While Harvard's investments in United States firms operating in South Africa has recently drawn national attention, Radcliffe College has been quietly reexamining its own relationship with those firms.
Monday the Trustees' Executive Committee of Radcliffe College considered the Harvard Corporation's recently released report on South Africa, and decided informally to approve it, although the Committee has taken no formal action on the report, Radcliffe administrators said yesterday.
"We've read the Corporation statement and we find ourselves in complete sympathy with it, "Robert H. Gardiner '37, Radcliffe Treasurer and the official responsible for making Radcliffe shareholder decisions, said yesterday.
Burton I.Wolfman, administrative dean of Radcliffe, said yesterday Radcliffe officials "will meet informally with staff and members of the ACSR to see about piggybacking on their work--whether it's ethical and practical."
"Harvard has gone through a rather elaborate process of gaining information", and Radcliffe may not want to go through the entire deliberations again, he said. "We many add to that process since there may well be a feminine point of view on some of these issues", he added.
If it proves impossible to use the work of the ACSR and the Investor Responsibility Research Center, which Harvard helped set up in 1973 to investigate the social and ethical implications of investment decisicns, then Radcliffe may have to set up its own stock advisory structure, Wolfman said.
Members of the Southern Africa Solidarity Committee said yesterday they have not asked the Radcliffe Trustees to take the same actions they have been urging the Corporation to adopt because "many people didn't realize the Harvard and Radcliffe portfolios were completely separate."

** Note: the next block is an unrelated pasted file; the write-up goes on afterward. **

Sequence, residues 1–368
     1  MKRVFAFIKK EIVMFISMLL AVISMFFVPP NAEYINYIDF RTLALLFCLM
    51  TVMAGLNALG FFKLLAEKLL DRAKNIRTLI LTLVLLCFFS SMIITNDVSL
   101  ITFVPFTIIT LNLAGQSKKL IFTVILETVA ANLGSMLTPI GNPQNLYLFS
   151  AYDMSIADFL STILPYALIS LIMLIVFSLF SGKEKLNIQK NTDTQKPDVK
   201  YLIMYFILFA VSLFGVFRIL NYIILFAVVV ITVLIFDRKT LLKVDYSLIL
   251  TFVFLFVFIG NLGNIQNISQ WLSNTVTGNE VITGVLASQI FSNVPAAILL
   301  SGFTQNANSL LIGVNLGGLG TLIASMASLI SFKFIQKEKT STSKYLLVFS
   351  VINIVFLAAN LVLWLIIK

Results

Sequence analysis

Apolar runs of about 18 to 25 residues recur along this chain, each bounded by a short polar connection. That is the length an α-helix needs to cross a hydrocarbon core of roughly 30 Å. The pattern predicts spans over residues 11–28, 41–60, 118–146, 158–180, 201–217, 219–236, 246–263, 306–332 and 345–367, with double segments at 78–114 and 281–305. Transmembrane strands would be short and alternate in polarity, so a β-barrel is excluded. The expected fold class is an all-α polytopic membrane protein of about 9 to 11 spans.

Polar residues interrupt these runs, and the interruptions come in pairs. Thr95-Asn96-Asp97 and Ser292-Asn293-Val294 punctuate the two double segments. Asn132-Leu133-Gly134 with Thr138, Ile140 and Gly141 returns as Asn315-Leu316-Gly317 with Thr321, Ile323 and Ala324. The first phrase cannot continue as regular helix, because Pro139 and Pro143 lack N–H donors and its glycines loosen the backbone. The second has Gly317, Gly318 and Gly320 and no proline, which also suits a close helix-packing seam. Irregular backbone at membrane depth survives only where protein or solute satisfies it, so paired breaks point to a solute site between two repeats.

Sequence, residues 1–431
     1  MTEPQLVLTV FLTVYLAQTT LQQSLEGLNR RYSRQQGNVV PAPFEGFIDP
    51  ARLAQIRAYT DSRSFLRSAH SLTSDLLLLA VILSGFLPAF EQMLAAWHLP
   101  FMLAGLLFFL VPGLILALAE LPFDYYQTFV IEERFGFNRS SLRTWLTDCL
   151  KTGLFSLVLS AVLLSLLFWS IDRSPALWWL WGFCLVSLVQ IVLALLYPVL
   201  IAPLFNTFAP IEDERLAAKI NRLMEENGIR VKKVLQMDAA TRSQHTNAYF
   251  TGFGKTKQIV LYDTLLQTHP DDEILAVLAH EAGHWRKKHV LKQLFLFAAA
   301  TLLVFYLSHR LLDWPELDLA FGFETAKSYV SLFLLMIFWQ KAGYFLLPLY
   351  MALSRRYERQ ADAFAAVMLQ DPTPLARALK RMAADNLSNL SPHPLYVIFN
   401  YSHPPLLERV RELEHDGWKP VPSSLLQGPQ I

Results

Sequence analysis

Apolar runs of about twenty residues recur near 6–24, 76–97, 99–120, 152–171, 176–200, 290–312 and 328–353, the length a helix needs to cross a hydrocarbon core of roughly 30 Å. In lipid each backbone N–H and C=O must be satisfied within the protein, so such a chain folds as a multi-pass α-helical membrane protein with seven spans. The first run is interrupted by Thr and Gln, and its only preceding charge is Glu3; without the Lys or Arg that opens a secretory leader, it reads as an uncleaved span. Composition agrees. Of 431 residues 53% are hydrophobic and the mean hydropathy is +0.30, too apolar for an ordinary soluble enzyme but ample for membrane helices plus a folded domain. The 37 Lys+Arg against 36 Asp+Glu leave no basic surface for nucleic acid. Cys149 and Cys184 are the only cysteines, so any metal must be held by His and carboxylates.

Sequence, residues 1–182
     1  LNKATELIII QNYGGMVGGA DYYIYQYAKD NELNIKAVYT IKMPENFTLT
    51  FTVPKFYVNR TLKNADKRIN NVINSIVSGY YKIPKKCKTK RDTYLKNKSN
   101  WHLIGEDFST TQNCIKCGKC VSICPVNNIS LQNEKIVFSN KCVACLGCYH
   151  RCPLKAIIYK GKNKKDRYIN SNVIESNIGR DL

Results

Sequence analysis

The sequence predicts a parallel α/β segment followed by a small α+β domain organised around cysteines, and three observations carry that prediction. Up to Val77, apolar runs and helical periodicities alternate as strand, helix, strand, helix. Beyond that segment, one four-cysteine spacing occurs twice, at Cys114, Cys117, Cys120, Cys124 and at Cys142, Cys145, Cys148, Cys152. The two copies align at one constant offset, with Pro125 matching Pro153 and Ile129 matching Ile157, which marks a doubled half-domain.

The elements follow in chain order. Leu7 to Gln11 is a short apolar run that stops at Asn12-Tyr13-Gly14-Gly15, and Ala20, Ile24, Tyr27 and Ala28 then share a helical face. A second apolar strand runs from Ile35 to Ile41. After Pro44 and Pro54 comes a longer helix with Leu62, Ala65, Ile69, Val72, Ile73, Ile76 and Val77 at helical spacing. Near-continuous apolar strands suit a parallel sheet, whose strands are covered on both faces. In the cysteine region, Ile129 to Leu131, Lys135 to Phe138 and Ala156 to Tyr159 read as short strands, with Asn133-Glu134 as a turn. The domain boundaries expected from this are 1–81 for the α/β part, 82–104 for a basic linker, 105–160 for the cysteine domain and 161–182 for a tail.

If at First...
"People thought by getting the Corporation to do something that would include Radcliffe too, and I hadn't heard about the Radcliffe thing until this week," one SASC members said.
Neva Magketla '78, an SASC member, said yesterday, "Radcliffe should immediately divest itself ot its holdings in all banks that have made loans to the South African government, like First National Bank of Boston and the Bank of America".
According to the June 1977 treasurer's report, Radcliffe owns $480,000 of stock in the Bank of America and about 140,000 of stocks and bonds in First National Bank of Boston, as well as holdings in other South African-related banks.
"It's highly unlikely we'll divest our stock in companies in South Africa," Gardiner said, adding that although the Corporation report recommended against divestiture except in extreme cases, "we reserve the right to make our own decisions.
Gardiner decided yesterday to abstain on a shareholder resolution in Eastman Kodak that would end sales of the company's photographic equipment to the government of South Africa, because "I was not well informed enough about it to vote for it.
The Harvard Corporation last week decided to support the resolution